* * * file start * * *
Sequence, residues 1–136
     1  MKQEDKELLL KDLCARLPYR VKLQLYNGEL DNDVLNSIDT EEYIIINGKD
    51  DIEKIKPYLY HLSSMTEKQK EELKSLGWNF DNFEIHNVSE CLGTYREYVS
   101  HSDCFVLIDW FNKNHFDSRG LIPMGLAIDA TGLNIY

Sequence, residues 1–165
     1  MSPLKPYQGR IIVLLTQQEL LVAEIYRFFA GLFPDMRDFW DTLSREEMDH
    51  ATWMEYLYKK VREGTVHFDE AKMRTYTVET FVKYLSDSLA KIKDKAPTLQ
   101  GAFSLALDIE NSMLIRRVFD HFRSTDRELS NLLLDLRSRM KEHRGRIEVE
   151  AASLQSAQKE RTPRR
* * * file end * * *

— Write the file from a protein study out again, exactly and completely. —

Sequence, residues 1–136
     1  MKQEDKELLL KDLCARLPYR VKLQLYNGEL DNDVLNSIDT EEYIIINGKD
    51  DIEKIKPYLY HLSSMTEKQK EELKSLGWNF DNFEIHNVSE CLGTYREYVS
   101  HSDCFVLIDW FNKNHFDSRG LIPMGLAIDA TGLNIY

Sequence, residues 1–165
     1  MSPLKPYQGR IIVLLTQQEL LVAEIYRFFA GLFPDMRDFW DTLSREEMDH
    51  ATWMEYLYKK VREGTVHFDE AKMRTYTVET FVKYLSDSLA KIKDKAPTLQ
   101  GAFSLALDIE NSMLIRRVFD HFRSTDRELS NLLLDLRSRM KEHRGRIEVE
   151  AASLQSAQKE RTPRR